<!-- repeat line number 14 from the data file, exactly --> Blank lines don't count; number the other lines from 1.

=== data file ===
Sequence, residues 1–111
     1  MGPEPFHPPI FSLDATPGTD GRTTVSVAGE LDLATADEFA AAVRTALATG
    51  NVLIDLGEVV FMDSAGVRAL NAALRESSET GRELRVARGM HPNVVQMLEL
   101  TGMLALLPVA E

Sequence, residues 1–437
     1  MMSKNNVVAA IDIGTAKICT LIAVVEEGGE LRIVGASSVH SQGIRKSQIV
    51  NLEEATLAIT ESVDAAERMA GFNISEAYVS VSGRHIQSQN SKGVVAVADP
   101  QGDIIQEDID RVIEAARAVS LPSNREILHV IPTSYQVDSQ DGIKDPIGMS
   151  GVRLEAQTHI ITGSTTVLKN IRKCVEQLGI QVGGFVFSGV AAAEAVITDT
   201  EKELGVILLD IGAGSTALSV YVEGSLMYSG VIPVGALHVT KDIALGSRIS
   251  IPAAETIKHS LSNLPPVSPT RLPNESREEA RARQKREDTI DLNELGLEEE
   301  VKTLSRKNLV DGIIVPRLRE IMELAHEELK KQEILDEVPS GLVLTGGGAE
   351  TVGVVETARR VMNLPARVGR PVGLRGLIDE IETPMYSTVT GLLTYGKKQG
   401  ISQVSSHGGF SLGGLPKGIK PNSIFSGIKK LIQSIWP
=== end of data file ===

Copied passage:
   401  ISQVSSHGGF SLGGLPKGIK PNSIFSGIKK LIQSIWP